"I support (the measure), knowing that there are a number of people in the community who will try to wage war with us on money," Mr. Cline said. "And you know why they can do that? Because they feel safe. Because they don't have to worry about security."

Mr. Boyle saw the issue differently.

"It is imperative we behave in a fiscally responsible way, or else we will find ourselves in the position of not being able to afford the police department that we have," he said at the council meeting.


Like this comment
Posted by Peter Carpenter
a resident of Atherton: Lindenwood
on Jan 21, 2009 at 1:23 pm

Police Chief Bruce Goitia suggested that the sergeants' dedication to the job might have been in jeopardy if they had not received a substantial raise. Had the council not approved the raise, Chief Goitia said, "I don't envision that I would have seven sergeants walk out the door, but I also don't envision that I will have their hearts and souls in the job."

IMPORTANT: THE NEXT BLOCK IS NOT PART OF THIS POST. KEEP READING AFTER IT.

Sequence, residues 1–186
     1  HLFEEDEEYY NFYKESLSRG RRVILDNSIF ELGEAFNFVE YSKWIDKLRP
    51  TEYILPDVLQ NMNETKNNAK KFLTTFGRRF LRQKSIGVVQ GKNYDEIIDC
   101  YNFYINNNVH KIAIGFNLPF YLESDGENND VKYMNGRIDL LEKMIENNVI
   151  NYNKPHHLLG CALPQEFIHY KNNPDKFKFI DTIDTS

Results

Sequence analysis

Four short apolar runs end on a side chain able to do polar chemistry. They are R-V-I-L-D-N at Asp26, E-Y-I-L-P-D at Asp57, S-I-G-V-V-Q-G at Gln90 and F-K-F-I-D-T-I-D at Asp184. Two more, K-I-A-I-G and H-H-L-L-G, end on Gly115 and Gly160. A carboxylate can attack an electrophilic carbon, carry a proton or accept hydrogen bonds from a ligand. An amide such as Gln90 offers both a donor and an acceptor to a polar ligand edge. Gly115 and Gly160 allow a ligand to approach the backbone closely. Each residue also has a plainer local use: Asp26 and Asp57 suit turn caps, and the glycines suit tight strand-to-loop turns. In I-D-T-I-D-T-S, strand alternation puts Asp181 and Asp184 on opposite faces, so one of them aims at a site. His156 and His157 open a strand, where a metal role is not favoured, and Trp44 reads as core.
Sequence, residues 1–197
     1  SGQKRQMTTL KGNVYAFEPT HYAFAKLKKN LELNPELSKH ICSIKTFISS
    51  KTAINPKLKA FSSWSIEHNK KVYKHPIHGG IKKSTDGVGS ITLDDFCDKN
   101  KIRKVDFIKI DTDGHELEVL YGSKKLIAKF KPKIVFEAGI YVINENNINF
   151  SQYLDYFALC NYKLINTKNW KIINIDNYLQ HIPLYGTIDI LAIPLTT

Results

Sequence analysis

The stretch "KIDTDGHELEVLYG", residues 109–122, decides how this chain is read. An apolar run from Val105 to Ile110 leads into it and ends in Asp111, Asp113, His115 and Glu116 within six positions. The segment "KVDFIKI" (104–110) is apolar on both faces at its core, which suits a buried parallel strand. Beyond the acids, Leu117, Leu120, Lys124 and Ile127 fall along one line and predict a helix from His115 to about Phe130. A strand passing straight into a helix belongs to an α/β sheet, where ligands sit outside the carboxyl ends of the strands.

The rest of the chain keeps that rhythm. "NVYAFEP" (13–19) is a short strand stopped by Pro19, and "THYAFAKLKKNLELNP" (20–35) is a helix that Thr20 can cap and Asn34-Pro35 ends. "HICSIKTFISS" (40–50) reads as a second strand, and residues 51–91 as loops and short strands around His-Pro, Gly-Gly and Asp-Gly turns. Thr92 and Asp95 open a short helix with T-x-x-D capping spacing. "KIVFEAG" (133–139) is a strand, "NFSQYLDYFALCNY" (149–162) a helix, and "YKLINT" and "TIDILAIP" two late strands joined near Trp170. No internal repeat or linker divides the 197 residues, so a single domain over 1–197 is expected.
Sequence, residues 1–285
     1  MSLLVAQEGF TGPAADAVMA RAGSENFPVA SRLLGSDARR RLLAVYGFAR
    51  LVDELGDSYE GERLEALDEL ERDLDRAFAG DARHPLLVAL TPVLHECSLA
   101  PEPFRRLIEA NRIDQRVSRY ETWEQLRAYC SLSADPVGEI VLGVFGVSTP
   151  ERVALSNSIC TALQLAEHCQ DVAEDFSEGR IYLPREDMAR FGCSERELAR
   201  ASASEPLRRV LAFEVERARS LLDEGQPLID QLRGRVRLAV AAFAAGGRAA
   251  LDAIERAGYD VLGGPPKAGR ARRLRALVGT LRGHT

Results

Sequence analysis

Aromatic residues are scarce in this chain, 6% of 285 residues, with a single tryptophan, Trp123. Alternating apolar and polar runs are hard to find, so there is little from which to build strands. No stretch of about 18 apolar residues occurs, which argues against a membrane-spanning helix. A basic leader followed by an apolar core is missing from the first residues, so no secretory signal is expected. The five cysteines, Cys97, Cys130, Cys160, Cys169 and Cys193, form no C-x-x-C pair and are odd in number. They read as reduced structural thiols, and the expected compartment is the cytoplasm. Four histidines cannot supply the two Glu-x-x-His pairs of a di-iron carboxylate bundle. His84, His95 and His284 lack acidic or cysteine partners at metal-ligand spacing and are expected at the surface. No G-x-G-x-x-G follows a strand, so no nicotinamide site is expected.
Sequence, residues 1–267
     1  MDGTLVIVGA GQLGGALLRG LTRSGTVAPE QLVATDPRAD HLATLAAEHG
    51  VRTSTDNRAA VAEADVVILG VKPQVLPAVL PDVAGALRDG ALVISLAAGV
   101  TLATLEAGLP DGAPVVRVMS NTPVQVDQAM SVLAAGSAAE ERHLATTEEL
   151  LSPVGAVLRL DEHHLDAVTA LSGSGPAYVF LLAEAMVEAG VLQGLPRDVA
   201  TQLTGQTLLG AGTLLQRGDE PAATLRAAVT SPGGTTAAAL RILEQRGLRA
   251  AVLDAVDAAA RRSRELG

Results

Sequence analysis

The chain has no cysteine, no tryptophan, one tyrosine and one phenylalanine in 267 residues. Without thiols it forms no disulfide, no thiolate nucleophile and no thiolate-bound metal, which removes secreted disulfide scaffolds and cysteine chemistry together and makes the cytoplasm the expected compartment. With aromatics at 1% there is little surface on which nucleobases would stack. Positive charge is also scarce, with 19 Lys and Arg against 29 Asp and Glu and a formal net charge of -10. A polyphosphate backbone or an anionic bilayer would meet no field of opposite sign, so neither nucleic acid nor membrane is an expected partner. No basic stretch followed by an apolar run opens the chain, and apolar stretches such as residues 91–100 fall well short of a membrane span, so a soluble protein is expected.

One week later President Barack Obama vowed to forge a new era of government openness and froze the pay of top staff earning more than $US100,000 to show Americans their leaders could also tighten their belts amid economic crisis. "However long we are keepers of the public trust, we should never forget that we are here as public servants, and public service is a privilege," Obama said.

Is there is disconnect here?

Like this comment
Posted by Mark
a resident of Menlo Park: Linfield Oaks
on Jan 21, 2009 at 3:31 pm

I personally am revved up by Obama's message/attitude here. Unfortunately, there IS a discontect between that and what we're confronting with public employee salaries and benefits. And, even more unfortunately, it will take some time and much effort to make public service the top priority of "public servants."

I don't think it will ever happen without strong, principled leadership that leads employees to feel appreciated and eager to serve the public good. Those incapable of that type of eagerness and commitment shouldn't be working in public service.

Like this comment
Posted by truth
a resident of Menlo Park: Belle Haven
on Jan 21, 2009 at 4:51 pm

Am I alone trying to piece together Peter is saying? Just say it already, it is not like it hasn't been said over and over ad nauseum. Stop trying to be cute.

I happen to think you are exploiting our current market decline for your own publicity, but what do I know.